In my case, my 11-year-old self ended up on a shrink's couch, trying to explain to a kindly bearded child psychologist why things like state records and top sixteen times felt like a matter of life and death. He didn't give me many answers, but he did give me a small wax figurine of a mouse, about three inches tall. He told me to keep it in my bag at competitions, and when I felt the rage coming on after a race that went less than perfect (all of them), I should take it out and pour out my feelings to the mouse in private. You know, rather than publicly weep on deck while throwing my goggles and stomping away from coaches. So, instead I became the nut bar who mumbled furiously to a wax mouse in the locker room. It helped a little. I also crushed that mouse into a wax ball the size of a golf ball.
Gradually, you learn to hide this madness. You're still cast under its spell; you still need that perfect race, that far off goal time. But when it doesn't happen, you learn to channel the crushing disappointment, or at least you learn to take an extra long warm down until you get a hold of yourself. But deep down, you know you're right, that the world really is coming to an end.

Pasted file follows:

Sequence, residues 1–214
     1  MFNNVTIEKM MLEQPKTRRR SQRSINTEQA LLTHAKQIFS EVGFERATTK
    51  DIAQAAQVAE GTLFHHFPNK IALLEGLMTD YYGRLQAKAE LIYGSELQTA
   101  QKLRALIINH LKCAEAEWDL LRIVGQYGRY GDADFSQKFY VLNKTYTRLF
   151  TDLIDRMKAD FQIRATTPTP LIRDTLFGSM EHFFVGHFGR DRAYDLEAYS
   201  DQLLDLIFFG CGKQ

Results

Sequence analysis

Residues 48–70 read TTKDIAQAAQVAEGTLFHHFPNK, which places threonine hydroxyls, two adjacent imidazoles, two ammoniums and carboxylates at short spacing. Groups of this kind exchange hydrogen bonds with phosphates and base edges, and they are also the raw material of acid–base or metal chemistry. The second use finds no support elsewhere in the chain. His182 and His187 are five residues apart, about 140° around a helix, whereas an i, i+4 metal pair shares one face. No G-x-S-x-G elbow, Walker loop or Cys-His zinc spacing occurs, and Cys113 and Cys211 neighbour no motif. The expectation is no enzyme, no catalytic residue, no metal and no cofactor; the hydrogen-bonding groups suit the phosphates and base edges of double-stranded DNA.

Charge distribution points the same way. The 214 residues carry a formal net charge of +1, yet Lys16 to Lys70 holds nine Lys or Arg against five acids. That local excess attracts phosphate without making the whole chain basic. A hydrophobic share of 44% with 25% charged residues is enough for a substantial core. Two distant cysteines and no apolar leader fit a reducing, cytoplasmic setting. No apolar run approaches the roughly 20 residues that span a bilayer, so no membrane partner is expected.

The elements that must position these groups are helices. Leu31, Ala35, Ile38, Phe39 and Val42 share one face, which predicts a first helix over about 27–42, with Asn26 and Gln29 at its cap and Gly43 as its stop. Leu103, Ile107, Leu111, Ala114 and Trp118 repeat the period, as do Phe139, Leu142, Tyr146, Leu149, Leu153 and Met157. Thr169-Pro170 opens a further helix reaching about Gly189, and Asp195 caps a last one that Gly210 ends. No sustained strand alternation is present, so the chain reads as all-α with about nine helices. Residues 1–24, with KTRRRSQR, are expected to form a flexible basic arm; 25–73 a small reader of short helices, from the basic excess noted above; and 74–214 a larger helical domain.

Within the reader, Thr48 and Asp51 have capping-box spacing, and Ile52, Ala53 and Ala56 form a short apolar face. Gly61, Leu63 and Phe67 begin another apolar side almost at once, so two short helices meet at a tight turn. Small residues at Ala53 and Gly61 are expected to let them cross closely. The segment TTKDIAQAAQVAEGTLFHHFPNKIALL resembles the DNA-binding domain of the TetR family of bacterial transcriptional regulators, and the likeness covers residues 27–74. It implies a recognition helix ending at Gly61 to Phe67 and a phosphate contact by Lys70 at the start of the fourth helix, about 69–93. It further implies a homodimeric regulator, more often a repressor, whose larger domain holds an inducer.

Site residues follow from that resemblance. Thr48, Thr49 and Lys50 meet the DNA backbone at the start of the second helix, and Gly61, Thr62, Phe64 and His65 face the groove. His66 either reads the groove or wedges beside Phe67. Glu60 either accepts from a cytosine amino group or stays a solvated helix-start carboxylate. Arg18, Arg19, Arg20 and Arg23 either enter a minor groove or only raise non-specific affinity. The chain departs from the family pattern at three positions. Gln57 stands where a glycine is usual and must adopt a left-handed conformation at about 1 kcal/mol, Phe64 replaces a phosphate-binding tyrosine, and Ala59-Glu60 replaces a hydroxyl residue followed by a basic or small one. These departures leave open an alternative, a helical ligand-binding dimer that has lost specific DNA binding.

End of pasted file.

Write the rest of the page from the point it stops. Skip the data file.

In a terrific new novel called The Art of Fielding, author Chad Harbach shows us just how the universe splinters when perfection cracks. It's the story of a college baseball prodigy, a shortstop named Henry Skrimshander, with a glove poetically, and perfectly, christened Zero. As in the number of errors Henry's ever made in his life... When he makes his first, with a disastrous throw to first, the demons descend and the fates of those around him veer darkly in new directions. The truth might be stranger than fiction, but the best fiction is a whole lot more true than any reality.
Thinking of Henry and his glove Zero, envying Harbach's close to perfect novel, and hoping I can figure out some way to guide our driven young butterfly prodigy, you start to realize how absurd this doomed quest is. You start to take pathetic cliches like 'nobody's perfect' to heart. You hope not just for brilliant flawless all-your-dreams-come-true success, but for something like satisfaction...
And so, from his tearful triumph at Junior Olympics, our young flyer traveled a few weeks later to Eastern Zones, still deeply under the spell of perfection, for his last meet as a 10-year-old. His last chance to break that elusive record. I texted back and forth with his mom, praying he'd succeed, but praying just as much that he'd come out of the meet without cracking up in a fit of flawed despair. On the third day of the meet, he took his marks in the 50 fly... where he proceeded to demolish that record by a second and a half, posting the fastest time in America. His 50 fly was faster than Michael Phelps when he was 10. It was perfect.
Screw satisfaction. Perfection was possible after all, and long live its spell.